Gently cradling her newborn daughter, Hayley Martin memories every detail of her tiny face.
Little Ava-Joy, warm in a pink knitted hat, is just a few minutes old and is peacefully dozing, her breathing coming in small snuffles.
In normal circumstances, it would be a picture of pure joy. But if Hayley looks more drawn and tired than most new mothers, it is entirely understandable.
For this poignant photograph marks the final act in what has been a drama of draining intensity – and huge personal courage.
Ava battled against all the odds to survive for 96 minutes after her birth, longer than any dared hope. She cried, she wriggled, she gripped her mother’s finger. Pictured: Tiny Ava is cradled by brave mother Hayley at Hull and East Yorkshire Women and Children's Hospital
Hayley and her husband Scott attracted the admiration of the nation when, a few weeks ago, they revealed the decision to carry their daughter to full term, despite knowing she was suffering from a devastating genetic condition and would survive for only a few precious moments.
Their hope was that they could donate Ava’s heart tissue to another desperately ill child, so that in some form Ava would live on despite her diagnosis.
The couple’s courage and self-sacrifice led to an outpouring of support from friends, family and strangers from around the world who sent heartfelt messages expressing respect for their decision.
But today they reveal that even this one small wish was taken from them. For when Ava was born on January 8, she was too small – just marginally underweight – for her organs to be retrieved.
When Ava was born on January 8, she was too small – just marginally underweight – for her organs to be retrieved
And yet, as the family reflect on what has been an awful experience, there have been moments of wonder.
Ava battled against all the odds to survive for 96 minutes after her birth, longer than any dared hope. She cried, she wriggled, she gripped her mother’s finger.
These are precious memories that her parents will treasure for ever and which they want the world to celebrate.
‘When we found out she was just 55g underweight – the same weight as a packet of crisps – we were devastated,’ says Hayley, of the news that little Ava could not be a donor.
‘It wasn’t the only reason we carried on with the pregnancy but it would have been so great for her to have been able to help another child. I plan to donate a kidney in her honour.’
The couple and their three older children are now preparing to say their last goodbyes, living in a hospice next door to where Ava’s little body lies in a specially cooled room.
‘Some people, including the professionals, have said we had 20 or so weeks to prepare for this,’ Hayley says.
‘But nothing prepares you for your own child dying. Every day you expect to wake up from your worst nightmare and you don’t.
‘But those 96 minutes that she was alive were the best of our lives. I would do it all again.
‘I wouldn’t give up those 96 minutes for anything in this world. Ava has touched more lives in those minutes than I would in 96 years.’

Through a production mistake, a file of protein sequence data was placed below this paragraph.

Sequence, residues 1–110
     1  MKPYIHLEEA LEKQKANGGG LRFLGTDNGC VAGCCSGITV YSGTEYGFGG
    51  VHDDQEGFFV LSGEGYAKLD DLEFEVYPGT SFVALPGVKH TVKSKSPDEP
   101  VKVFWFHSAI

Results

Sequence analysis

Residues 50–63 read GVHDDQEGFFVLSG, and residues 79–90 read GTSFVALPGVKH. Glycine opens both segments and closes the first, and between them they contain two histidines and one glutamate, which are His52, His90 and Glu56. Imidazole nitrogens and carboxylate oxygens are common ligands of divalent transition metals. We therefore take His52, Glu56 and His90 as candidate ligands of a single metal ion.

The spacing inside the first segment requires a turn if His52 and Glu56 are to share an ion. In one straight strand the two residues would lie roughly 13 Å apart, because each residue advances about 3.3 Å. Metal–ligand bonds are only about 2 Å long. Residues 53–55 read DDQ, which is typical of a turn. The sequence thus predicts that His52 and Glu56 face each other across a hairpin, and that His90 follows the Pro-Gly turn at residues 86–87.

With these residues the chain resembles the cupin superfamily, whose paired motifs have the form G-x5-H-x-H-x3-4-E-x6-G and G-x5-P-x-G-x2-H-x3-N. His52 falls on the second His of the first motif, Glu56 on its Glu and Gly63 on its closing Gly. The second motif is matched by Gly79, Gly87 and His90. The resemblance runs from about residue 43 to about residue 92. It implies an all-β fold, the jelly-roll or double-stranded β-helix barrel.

Scott and Hayley, both 30 and from Hull, had been blissfully happy until a 20-week scan in September.
The scan revealed that Ava had bilateral renal agenesis – a fatal condition in which neither of the kidneys develops.
‘Everything fell to bits in that moment,’ Hayley says.
‘I went from a happy, expectant mum looking forward to having my fourth baby to having it snatched away in the blink of an eye.’ It is a cruel irony that the couple are both paediatric first aid specialists.
‘How can we teach someone to save their child’s life when we couldn’t save ours?’ Scott says.
They were offered a termination and told that the average survival time for babies with the condition was just nine minutes after birth.
But the couple, who met at school before marrying in 2010, decided they would rather continue with the pregnancy.
Partly, they were buoyed by the fact that Ava’s organs could save another child’s life; but, heartbreakingly, they were also keen to give their daughter as much life as she could muster.
‘I didn’t want the pregnancy to end and I wasn’t ready to say goodbye,’ Hayley says.
‘I’m not somebody who would say, “This pregnancy is not viable” and terminate.
‘It was always about giving Ava as long as she was supposed to live for.’
The remaining months passed in a blur. Then, at a scan on January 2, they received the devastating news that Ava was unlikely to grow to the required 5.5lb weight for organ donation.
Doctors also advised them to have a Caesarean section as soon as possible because of the increased chance of stillbirth from the baby’s illness. It was booked for January 8, when Hayley would be just over 37 weeks pregnant.
‘At one point I would have given anything for it to be over,’ Scott admits. ‘When we were given the date for the Caesarean I would have given anything to have kept the pregnancy going.’
Hayley adds: ‘They said even if we wanted to carry on she wouldn’t make the right weight. I felt numb.
‘You know when your baby will be born, but at the same time you also know the day your baby will die.’
The night before the Caesarean, Hayley barely slept. ‘I lay there and told Ava I loved her; that I wished she could stay. I asked if there was a God, would he please save her so that I could keep her.